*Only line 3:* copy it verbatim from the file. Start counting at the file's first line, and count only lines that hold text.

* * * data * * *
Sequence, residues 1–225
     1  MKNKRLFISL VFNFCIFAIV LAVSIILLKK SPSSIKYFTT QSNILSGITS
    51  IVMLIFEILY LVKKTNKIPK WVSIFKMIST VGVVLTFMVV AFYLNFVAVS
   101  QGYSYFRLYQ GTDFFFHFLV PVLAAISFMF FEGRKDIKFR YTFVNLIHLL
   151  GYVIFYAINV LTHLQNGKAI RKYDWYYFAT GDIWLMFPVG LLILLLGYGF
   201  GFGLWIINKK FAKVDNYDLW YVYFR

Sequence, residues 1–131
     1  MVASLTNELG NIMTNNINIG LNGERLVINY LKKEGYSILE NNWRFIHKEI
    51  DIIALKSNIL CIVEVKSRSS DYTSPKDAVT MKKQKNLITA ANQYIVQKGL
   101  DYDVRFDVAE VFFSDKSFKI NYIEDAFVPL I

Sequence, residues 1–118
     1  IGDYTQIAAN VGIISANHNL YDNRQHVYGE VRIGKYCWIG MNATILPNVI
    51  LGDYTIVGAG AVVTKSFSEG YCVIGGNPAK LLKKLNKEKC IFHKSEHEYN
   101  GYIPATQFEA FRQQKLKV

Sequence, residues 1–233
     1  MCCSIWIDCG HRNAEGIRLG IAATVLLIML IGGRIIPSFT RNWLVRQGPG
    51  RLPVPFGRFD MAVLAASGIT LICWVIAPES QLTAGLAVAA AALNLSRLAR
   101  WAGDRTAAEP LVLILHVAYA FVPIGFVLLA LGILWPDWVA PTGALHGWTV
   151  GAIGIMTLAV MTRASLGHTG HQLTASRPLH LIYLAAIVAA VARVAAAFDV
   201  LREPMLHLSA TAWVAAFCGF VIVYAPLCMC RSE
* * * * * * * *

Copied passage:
    51  IVMLIFEILY LVKKTNKIPK WVSIFKMIST VGVVLTFMVV AFYLNFVAVS